Bird watchers around the state can participate in two essential studies on winter bird populations simply by keeping a watchful eye.
According to the Kansas Deparment of Wildlife, Parks, and Tourism the first study is going on right now, through Sunday. The Kansas Winter Bird Feeder Survey will be followed by the 2014 Great Backyard Bird Count Feb. 14–17.
Participants of the Winter Bird Feeder Survey are asked to observe and record the number and species of birds visiting their backyard feeders on two consecutive days between Jan. 30 and Feb. 2. Watchers can report the results by downloading the survey form found on www.ksoutdoors.com, and mailing it in. Information gleaned from this survey will help the Kansas Department of Wildlife, Parks and Tourism track songbird population trends and types of feed that are most attractive to backyard birds.
During the two-day survey, birders are encouraged to record the times of day they observed birds, the number of each species seen, along with a description of their feeders using the form provided. Each species should be listed by the highest number seen together at any one time. For example, if 10 juncos are seen at 9 a.m., 11 at 12 p.m., and seven at 4 p.m., the number recorded would then be 11.
Following the Winter Bird Feeder Survey, birders can also participate in the GBBC beginning Feb. 14. Unlike the Winter Bird Feeder Survey where participants view birds at a feeder for any length of time, the annual GBBC asks participants to watch birds at any location for a minimum of 15 minutes. This effort aids in better defining bird ranges, populations, migration pathways, and habitat needs. Participants then tally the numbers of each species seen, and report their observations online at www.birdcount.org.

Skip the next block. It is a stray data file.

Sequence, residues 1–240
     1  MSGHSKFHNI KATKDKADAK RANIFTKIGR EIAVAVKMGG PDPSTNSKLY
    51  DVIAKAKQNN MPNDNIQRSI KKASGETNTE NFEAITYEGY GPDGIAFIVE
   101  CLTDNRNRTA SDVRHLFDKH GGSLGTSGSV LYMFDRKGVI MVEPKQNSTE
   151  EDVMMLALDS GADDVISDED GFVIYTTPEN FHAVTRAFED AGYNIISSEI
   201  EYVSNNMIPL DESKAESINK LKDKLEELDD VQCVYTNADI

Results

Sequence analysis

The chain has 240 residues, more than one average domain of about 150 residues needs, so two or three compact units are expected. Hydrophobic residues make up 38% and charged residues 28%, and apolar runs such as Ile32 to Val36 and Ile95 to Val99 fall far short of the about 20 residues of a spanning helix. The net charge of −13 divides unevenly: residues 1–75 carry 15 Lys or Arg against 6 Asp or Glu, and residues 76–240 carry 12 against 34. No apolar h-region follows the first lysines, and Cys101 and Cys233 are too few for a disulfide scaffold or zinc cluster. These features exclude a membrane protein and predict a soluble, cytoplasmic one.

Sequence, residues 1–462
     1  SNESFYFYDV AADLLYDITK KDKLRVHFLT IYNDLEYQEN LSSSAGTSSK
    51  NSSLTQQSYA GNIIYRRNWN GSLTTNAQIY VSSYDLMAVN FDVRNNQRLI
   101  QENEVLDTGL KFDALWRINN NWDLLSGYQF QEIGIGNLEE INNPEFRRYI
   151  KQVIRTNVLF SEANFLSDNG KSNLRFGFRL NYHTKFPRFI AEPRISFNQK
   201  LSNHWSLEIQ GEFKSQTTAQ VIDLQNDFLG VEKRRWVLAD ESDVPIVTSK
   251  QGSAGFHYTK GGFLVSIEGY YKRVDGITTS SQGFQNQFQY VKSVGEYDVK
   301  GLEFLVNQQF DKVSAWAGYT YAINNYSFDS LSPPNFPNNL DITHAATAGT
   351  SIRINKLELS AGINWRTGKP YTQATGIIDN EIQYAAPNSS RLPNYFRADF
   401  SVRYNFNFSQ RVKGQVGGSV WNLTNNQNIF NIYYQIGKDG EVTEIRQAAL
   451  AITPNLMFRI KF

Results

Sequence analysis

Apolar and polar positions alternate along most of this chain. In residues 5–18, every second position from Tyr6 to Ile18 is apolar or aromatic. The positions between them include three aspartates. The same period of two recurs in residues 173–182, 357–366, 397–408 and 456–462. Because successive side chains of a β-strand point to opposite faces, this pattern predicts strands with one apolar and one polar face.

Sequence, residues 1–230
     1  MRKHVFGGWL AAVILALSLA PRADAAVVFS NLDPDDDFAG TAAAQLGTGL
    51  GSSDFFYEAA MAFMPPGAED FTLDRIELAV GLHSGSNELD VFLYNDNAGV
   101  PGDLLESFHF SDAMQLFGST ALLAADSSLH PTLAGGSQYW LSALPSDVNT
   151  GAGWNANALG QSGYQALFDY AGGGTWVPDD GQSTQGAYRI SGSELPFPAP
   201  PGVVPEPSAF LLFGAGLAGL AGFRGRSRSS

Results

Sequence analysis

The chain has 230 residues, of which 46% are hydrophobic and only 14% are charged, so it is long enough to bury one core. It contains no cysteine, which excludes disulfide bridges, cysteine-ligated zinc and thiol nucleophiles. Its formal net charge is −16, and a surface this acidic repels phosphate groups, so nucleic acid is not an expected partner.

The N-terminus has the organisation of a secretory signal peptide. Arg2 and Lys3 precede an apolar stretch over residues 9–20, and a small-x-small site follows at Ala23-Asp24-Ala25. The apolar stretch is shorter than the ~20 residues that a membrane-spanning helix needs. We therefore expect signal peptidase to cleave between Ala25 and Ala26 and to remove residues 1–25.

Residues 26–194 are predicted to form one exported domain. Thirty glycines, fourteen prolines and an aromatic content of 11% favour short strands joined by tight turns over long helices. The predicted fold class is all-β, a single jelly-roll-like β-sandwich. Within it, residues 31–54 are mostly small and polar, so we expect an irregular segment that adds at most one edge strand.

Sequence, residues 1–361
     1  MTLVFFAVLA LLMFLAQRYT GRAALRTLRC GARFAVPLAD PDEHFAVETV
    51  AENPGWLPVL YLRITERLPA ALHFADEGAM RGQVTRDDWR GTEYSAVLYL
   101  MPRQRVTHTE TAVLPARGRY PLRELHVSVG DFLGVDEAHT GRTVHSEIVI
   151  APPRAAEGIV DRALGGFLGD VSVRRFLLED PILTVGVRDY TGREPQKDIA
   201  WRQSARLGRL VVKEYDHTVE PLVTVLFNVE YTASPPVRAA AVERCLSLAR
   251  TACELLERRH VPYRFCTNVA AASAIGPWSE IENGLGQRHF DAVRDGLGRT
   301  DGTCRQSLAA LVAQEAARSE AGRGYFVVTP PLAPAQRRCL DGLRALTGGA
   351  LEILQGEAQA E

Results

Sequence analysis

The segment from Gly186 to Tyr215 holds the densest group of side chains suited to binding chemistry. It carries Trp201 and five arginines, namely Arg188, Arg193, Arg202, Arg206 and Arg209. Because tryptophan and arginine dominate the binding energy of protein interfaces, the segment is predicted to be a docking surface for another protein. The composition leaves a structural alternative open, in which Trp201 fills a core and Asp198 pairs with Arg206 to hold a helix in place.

This will be the last year that Kansas has a separate Winter Bird Feeder Survey as future surveys will be integrated with the GBBC. This change will allow participants to enter their data online, eliminating mail-in data forms, and will also allow researchers better access to recorded data. In the future, participants and other Ebird users will also be able to view the data and interactive maps developed with the data entered online.
Global participation will be made possible by www.ebird.org, a real-time online checklist program that the Cornell Lab and Audubon are integrating into the GBBC for the first time this year. The four-day event will receive sightings from tens of thousands of participants who may record more than 600 bird species in the United States and Canada alone.